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The world’s richest men are $85 billion poorer than last year as cryptocurrency takes a hit

By Malavika Pradeep

Jan 24, 2022

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2022 is off to a painful start for the world’s top five tech tycoons—including space buddies Elon Musk and Jeff Bezos, Bill Gates, Larry Page and Mark Zuckerberg—as they shed a collective $67 billion in wealth last week, bringing the total loss to about $85 billion just this year. Ouch.

While the world’s richest man, Elon Musk, witnessed his net worth drop by $27 billion this year, Microsoft tycoon Bill Gates shed $9.5 billion. Google’s co-founder Larry Page additionally dropped by $12 billion as Meta’s Mark Zuckerberg plummeted down the list with a loss of $12 billion and Changpeng Zhao (CZ), the chief executive officer of crypto exchange Binance, dropped by $17.7 billion.

Jeff Bezos, however, seems to have taken a rather concerning fall this year—a billionaire-exclusive concerning fall, to be exact. Losing $25 billion in 2022, the world’s second richest man is $1 billion shy of being stripped off the title by French luxury fashion mogul Bernard Arnault (the only billionaire who didn’t lose money this week, according to the Bloomberg Billionaires Index).

Although all of them are still billionaires, let’s look at what caused such drastic losses before wishing upon a shooting star that it happens again. The movers behind these losses are essentially two-fold: plummeting tech stocks as investors eye potential interest rate hikes by the Federal Reserve in the US, and the entire cryptocurrency market tumbling on the very same fears.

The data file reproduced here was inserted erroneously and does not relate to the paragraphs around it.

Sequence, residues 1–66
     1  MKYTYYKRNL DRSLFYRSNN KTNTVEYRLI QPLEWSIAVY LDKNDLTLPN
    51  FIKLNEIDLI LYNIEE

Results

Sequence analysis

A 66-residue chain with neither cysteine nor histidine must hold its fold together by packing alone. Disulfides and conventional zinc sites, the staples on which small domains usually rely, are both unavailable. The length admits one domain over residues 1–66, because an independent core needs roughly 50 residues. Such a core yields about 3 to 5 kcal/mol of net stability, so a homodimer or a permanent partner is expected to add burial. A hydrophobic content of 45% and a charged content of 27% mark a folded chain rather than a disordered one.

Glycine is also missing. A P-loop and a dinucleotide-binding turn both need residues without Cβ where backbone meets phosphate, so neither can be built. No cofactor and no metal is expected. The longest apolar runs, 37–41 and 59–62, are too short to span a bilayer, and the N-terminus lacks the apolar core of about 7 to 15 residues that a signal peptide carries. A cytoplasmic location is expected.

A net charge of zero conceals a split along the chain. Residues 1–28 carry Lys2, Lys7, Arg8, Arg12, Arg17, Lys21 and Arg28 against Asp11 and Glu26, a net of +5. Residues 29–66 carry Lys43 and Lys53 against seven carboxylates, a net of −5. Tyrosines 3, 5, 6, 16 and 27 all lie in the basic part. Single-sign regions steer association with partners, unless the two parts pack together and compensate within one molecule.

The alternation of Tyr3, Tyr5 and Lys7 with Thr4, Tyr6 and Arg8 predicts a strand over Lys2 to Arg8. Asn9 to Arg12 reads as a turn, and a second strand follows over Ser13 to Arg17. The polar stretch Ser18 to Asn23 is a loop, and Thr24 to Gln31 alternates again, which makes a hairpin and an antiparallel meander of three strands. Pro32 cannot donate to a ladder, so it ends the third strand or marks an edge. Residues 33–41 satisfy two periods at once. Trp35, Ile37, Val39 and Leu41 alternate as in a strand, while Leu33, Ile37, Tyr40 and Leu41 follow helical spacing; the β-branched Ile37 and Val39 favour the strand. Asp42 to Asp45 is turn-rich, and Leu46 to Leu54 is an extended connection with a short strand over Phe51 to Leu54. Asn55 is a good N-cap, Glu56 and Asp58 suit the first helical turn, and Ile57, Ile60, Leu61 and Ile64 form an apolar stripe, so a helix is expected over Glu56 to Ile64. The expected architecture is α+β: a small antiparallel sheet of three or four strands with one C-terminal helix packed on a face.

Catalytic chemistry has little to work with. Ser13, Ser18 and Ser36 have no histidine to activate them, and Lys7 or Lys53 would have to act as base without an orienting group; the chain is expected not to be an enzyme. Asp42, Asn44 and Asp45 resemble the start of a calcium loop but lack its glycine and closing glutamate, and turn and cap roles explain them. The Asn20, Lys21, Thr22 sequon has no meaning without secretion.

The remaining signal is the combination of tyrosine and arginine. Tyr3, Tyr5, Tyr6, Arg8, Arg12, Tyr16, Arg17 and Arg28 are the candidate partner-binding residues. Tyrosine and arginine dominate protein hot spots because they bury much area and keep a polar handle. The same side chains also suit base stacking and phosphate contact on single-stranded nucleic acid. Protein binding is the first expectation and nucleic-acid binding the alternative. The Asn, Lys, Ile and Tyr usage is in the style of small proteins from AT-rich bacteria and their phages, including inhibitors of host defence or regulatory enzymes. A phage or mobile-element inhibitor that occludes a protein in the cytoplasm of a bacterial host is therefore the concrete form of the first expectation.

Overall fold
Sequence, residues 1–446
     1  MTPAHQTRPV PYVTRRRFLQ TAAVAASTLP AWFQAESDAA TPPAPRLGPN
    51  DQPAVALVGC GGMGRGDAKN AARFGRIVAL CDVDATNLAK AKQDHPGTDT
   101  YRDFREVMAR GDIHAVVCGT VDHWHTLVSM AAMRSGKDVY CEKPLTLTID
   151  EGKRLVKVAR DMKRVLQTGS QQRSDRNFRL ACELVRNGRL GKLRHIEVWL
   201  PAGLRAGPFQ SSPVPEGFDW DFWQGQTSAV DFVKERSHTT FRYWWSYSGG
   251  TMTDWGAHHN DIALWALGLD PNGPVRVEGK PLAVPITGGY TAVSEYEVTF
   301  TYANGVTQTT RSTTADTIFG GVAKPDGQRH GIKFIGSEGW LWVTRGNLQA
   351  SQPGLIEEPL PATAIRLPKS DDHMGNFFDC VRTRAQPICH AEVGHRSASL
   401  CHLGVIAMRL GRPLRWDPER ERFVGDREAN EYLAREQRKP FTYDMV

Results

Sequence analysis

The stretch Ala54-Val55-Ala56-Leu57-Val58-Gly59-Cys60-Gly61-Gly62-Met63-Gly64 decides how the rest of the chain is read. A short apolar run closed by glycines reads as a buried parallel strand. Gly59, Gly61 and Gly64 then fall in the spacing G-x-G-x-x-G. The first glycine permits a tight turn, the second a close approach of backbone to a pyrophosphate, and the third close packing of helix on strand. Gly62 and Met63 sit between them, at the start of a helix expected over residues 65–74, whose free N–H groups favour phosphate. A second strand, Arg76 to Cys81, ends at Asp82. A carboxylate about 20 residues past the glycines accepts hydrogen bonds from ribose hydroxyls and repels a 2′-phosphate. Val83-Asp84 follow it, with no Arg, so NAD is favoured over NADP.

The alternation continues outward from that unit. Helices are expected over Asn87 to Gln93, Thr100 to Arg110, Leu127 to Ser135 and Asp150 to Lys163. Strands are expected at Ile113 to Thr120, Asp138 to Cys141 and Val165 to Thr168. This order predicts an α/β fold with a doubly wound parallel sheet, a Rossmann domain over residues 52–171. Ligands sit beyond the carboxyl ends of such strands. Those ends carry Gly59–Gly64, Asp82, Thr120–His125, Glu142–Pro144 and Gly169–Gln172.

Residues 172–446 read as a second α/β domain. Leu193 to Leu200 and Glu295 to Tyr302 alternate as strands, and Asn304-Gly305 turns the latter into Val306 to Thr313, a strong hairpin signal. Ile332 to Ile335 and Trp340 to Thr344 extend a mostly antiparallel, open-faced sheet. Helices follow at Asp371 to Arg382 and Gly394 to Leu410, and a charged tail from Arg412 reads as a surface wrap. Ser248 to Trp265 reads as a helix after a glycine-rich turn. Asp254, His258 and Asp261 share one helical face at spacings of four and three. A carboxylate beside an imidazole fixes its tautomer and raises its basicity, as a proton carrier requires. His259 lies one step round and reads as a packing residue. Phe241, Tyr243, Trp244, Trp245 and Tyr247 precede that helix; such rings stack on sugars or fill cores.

“Markets fell by the most since the outbreak of the pandemic as the spectre of interest rate hikes by the Federal Reserve settled over the economy,” Bloomberg noted on these terms. “Cryptocurrency prices were one of the biggest casualties, with Bitcoin plumbing six-month lows and other digital assets also taking a beating.” The digital assets in question include everything from e-commerce to online gaming.

According to 9News, Bitcoin has lost almost 50 per cent of its value and the cryptocurrency market as a whole has wiped more than $1.4 trillion in value—ever since its all-time high in November 2021. “Another thorn in the side of digital currency backers is government policy,” the outlet highlighted, stating how Russia’s central bank recently proposed the banning of cryptocurrency mining on Russian soil.

“Arguing that mining cryptocurrency (a complex algorithm-crunching process that involves huge computing power) threatened the financial stability of Russia, the central bank accused some cryptocurrencies as resembling pyramid schemes,” 9News wrote. However, experts believe Russia’s ban on cryptocurrency mining, if implemented, will likely only affect prices in the short term.

That being said, Musk has previously lost $50 billion in personal wealth over two days after one of his iconic Twitter polls. So these recent statistics are a mere blip along the way for the billionaire. The good news? We’d only need two per cent of his fortune to end world hunger.